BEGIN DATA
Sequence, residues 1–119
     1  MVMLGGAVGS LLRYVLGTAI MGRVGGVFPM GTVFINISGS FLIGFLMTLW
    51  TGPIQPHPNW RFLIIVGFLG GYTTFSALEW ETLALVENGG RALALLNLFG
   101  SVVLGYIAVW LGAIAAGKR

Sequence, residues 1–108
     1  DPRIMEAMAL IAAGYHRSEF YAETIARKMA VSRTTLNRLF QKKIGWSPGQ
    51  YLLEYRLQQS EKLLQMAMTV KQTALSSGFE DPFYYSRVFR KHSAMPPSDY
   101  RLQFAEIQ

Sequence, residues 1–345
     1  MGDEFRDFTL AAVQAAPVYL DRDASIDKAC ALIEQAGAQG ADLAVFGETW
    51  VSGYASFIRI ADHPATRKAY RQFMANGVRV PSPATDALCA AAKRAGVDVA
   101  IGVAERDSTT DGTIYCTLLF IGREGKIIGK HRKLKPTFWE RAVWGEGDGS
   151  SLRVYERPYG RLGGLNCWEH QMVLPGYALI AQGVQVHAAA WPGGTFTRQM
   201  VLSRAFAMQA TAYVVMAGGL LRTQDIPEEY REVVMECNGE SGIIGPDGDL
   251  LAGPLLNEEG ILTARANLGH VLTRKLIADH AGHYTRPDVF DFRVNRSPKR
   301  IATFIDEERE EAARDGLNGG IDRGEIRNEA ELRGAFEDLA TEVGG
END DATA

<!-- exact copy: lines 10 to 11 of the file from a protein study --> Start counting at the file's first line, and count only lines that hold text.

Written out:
     1  MGDEFRDFTL AAVQAAPVYL DRDASIDKAC ALIEQAGAQG ADLAVFGETW
    51  VSGYASFIRI ADHPATRKAY RQFMANGVRV PSPATDALCA AAKRAGVDVA